The significance of the Cape trade route to economic activity in the Cape colony: a medium-term business cycle analysis

Stellenbosch Working Paper Series No. WP23/2008
 
Publication date: 2008
 
Author(s):
[protected email address] (Department of Economics, University of Stellenbosch)
[protected email address] (Department of Economics, University of Stellenbosch)
 
Abstract:

Trade is a critical component of economic growth in newly settled societies. This paper tests the impact of ship traffic on the Cape economy using a time series smoothing technique borrowed from the business cycle literature and employing an econometric procedure to test for long-run relationships. The results suggest a strong systematic co-movement between wheat production and ship traffic, with less evidence for wine production and stock herding activities. While ship traffic created demand for wheat exports, the size of the co-movement provides evidence that ship traffic also stimulated local demand through secondary and tertiary sector activities, supporting the hypothesis that ship traffic acted as a catalyst for growth in the Cape economy.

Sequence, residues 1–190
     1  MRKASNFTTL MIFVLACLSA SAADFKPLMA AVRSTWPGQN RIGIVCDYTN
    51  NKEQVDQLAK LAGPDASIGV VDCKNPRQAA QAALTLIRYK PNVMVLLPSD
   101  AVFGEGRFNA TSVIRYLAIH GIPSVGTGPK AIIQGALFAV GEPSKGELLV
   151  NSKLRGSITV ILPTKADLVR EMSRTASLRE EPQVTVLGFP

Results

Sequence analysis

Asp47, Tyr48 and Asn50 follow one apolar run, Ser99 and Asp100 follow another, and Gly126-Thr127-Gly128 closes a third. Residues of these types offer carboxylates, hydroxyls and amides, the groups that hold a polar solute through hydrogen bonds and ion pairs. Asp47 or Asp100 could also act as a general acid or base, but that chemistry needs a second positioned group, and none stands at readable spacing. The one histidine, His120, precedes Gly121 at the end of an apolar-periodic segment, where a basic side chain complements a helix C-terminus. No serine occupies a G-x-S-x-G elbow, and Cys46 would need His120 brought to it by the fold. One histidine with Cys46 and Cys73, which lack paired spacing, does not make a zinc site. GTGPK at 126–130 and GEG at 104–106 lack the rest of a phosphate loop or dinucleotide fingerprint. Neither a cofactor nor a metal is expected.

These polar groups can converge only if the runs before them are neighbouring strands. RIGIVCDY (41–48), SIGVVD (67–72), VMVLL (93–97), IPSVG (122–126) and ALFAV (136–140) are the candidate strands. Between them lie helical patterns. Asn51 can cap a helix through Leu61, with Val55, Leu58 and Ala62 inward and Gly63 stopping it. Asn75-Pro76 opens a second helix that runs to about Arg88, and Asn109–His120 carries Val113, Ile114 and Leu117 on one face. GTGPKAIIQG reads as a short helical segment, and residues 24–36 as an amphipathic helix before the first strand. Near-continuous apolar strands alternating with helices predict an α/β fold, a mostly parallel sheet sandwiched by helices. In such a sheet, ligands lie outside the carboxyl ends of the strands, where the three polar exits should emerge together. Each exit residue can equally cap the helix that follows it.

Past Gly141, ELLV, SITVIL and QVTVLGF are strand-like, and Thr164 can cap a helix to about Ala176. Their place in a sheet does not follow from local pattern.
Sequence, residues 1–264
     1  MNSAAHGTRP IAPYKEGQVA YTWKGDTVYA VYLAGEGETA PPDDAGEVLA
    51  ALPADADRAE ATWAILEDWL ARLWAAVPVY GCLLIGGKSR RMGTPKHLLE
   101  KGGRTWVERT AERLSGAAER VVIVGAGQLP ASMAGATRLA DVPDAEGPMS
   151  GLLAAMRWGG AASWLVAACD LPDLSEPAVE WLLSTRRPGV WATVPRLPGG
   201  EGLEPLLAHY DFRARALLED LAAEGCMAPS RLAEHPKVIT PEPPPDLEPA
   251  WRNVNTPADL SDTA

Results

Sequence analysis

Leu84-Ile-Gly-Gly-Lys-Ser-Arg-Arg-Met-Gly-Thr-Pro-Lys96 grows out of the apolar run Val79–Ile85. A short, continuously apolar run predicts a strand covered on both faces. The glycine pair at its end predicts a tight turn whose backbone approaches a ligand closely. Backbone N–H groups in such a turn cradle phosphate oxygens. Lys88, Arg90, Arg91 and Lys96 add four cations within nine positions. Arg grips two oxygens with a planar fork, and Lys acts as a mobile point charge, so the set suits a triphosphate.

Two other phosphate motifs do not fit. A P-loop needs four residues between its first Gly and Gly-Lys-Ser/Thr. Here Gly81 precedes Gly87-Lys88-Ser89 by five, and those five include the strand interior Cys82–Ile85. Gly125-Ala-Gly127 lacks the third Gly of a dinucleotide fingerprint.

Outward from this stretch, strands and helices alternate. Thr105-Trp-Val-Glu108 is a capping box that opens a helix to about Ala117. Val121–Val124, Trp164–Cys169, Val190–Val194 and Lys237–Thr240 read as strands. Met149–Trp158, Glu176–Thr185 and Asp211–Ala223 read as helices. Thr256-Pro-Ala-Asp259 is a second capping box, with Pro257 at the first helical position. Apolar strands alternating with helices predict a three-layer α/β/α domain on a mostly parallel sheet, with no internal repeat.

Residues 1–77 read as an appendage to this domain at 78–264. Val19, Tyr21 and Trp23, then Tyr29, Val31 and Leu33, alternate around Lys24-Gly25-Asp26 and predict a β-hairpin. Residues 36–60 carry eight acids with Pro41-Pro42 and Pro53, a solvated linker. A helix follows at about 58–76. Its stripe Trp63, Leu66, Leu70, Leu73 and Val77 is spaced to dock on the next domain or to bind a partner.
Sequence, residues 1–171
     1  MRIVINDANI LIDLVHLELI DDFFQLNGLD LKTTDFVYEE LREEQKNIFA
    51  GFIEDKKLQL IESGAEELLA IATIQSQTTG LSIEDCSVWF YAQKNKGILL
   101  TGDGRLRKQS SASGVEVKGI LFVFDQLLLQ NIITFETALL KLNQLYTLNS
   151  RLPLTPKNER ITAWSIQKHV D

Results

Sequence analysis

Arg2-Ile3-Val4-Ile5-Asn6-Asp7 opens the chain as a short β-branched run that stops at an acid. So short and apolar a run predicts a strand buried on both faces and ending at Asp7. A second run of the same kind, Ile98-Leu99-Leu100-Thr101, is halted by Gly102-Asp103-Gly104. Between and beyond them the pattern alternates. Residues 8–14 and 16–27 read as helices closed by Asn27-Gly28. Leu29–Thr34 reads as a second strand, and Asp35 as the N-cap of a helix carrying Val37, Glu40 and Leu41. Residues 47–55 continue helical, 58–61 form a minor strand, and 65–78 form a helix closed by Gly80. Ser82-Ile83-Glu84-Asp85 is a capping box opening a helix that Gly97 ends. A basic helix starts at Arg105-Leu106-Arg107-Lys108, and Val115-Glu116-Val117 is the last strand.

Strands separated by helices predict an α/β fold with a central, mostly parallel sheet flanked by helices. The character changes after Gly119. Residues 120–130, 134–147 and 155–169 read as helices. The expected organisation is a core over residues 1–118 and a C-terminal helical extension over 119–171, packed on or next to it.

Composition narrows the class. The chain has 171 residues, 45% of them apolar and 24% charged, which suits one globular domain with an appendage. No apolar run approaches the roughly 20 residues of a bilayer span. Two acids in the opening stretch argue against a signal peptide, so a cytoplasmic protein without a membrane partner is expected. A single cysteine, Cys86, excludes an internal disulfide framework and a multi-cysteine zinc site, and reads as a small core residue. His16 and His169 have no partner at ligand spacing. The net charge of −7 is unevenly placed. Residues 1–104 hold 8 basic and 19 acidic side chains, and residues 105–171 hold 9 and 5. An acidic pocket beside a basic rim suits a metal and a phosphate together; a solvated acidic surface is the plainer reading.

JEL Classification:

N17, E32, N77

Keywords:

Colonial trade, Cape of Good Hope, Dutch East India, Band-pass filter, Medium-term fluctuations, Business cycle, South Africa, Ships, Harvest cycles, Colonial economy

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1 March 2021
Even with the release of data showing a record high unemployment rate in 2020Q4, it turned out to be a fairly good week for the SA economy. Daily new COVID-19 infections remained well contained, while the second batch of 80 000 J&J vaccines arrived (albeit controversially with the grounded SAA being the carrier). In addition, relative to the October...

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